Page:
2010 was the year that social media definitely established itself in the e-commerce landscape. The various social platforms have been viewed as the ‘great new promise’ for web shoppers for quite some time. But now, clever applications have been supported with impressive figures. Social media have matured from being a hype to a powerful instrument that online shoppers can benefit from during every step of their purchasing process. Following is a summary of the most successful ‘social’ e-commerce cases in 2010:
Before discussing the most inspiring e-commerce applications of social media, we have to identify the four most important steps in the customer purchasing process. Jungle Minds lists the Finest Fifty every year, a collection of the best and most innovative real-life e-commerce examples. These best practices are arranged in the following steps of the customer purchasing process:
- Reach: Be present at locations frequented by the target group
This includes all activities of web retailers outside the domain of your own website, such as iPad/iPhone applications and sales through Twitter, Facebook and Hyves.
- Attract: Draw relevant visitors to your website
This includes ‘classic’ online marketing, such as e-mail marketing, affiliate marketing and search engine optimization.
- Convert: Convert viewers into buyers
This includes all applications on your own website, from clever search engines to an optimum ordering process.
- Retain: Offer good service to existing customers
Here we describe, among other things, how to encourage repeat purchases, smart loyalty programmes and personalized cross and upsell.
‘Reach’: Social media as e-commerce platforms
Facebook shops mushroomed last year, and the real e-commerce giants seem to be taking Facebook as a sales platform seriously (for example, Asos recently announced that they are going to offer their entire product range through Facebook).
We provide a perfect example in Finest Fifty. Mark Girl is a cosmetics brand that targets younger women. The company uses representatives to sell its products. This is a young target group, so Facebook, with more than half a billion potential customers, is the ultimate sales platform for Mark. Mark uses a Facebook application to put its representatives in the position to easily sell cosmetics to friends on Facebook. Representatives use their own social network to recruit customers, who can subsequently select and buy their products without having to exit Facebook.
‘Attract’: Use social media to attract more visitors to your website
The Spa Amsterdam Zuiver case proves that e-mail and social media have a great deal to offer each other. This company launched an e-mail campaign to reach a larger group of people. The recipients of the e-mail could only make use of the e-mail promotion after they had placed it on Hyves, Facebook or Twitter. With these social sharing options, the campaign’s ultimate conversion resulted in seven times more link-through opportunities. This was especially attributable to the fact that social sharing had increased explosively.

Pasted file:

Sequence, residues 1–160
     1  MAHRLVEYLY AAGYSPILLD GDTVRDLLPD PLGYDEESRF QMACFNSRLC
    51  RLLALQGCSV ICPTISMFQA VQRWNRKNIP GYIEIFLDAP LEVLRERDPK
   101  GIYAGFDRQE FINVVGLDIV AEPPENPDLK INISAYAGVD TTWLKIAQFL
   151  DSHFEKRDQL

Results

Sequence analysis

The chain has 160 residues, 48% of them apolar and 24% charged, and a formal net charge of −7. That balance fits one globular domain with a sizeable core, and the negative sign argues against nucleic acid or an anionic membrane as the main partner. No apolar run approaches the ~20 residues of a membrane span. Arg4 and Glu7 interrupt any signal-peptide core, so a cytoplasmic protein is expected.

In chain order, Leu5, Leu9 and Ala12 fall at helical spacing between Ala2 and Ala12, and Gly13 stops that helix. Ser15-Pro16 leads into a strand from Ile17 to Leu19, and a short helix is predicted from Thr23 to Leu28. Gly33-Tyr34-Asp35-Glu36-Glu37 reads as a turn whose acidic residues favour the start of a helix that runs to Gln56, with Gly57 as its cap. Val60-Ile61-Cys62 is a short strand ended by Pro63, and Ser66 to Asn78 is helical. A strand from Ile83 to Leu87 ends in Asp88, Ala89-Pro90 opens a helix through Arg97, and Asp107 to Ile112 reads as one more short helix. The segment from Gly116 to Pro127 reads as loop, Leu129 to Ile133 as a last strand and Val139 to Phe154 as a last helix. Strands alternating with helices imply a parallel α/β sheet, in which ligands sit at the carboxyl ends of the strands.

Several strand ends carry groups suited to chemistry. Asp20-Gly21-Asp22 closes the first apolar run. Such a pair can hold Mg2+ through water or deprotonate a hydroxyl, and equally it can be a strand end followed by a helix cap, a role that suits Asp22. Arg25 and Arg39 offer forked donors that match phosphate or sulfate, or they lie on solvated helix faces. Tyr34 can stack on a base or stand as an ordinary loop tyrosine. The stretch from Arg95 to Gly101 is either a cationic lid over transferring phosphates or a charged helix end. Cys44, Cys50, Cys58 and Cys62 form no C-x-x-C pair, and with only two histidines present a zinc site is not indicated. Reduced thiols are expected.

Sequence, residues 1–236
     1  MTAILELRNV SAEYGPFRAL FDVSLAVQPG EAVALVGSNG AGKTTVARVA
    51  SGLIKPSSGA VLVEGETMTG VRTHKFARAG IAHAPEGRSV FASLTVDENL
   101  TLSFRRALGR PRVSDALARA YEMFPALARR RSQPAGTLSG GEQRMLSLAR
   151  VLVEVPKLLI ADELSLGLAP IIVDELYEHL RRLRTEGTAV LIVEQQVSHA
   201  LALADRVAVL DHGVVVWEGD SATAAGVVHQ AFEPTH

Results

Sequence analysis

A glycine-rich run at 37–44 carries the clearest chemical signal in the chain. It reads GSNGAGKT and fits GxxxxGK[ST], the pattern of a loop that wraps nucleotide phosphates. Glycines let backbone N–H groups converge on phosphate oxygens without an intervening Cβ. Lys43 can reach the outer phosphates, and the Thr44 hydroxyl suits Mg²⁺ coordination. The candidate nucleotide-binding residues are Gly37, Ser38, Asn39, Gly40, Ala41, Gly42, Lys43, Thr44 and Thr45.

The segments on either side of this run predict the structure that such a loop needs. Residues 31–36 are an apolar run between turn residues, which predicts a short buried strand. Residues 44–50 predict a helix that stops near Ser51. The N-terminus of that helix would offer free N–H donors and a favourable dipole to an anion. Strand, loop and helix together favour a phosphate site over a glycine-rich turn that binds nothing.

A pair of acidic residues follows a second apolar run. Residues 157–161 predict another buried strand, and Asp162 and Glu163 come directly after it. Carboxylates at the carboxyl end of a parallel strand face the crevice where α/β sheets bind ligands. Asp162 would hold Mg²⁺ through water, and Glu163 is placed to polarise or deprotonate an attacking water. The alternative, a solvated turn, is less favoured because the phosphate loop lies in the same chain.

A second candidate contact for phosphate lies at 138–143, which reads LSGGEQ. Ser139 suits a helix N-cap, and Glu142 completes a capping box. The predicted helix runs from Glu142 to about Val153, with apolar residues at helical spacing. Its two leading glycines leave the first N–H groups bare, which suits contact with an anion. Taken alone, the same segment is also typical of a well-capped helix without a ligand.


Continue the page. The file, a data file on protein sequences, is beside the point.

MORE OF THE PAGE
‘Convert’: Using social media as a conversion booster
The average person using internet has between 10 and 20 online accounts (e-mail, social networks, web shops, etc.). A user account provides both the shop retailer and the customer with many benefits, and yet having to create an account can be a serious obstacle. And that puts pressure on conversion. Divine Caroline (an American lifestyle site) uses social media to remove this obstacle. This company offers the opportunity to log in with an external account (for example, Facebook or Twitter). Their registrations have increased by 12% since they introduced this option. Moreover, the Open ID link ensures that more than 10% of the content on Divine Caroline’s site is also placed on social networks. And this produces another seven new visitors for each person who logs into Facebook or Twitter.
‘Retain’: Maintain customer relations through social media
The ‘location-based services’ phenomenon is developing swiftly. Foursquare is the largest social network based on user location (even though Facebook Places is on its way)! The American fashion retailer Ann Taylor is gladly taking advantage of Foursquare to solidify the company’s bond with customers. Shoppers see a message with every fifth visit to a branch store (and check-in on Foursquare): ‘show your mobile device at the register to receive 15% off your full-price purchase’. In other words, a ‘thank you’ for the customer’s return visit. This is how Ann Taylor encourages customers to check in. Moreover, every check-in means free advertising for Ann Taylor in the customer’s circle of friends.
More e-commerce inspiration?
Are you interested in learning about more inspiring e-commerce cases, the figures of the best online retailers and more than 100 best practice tips? The 2011 Finest Fifty has been available since January at Jungle Minds’ website.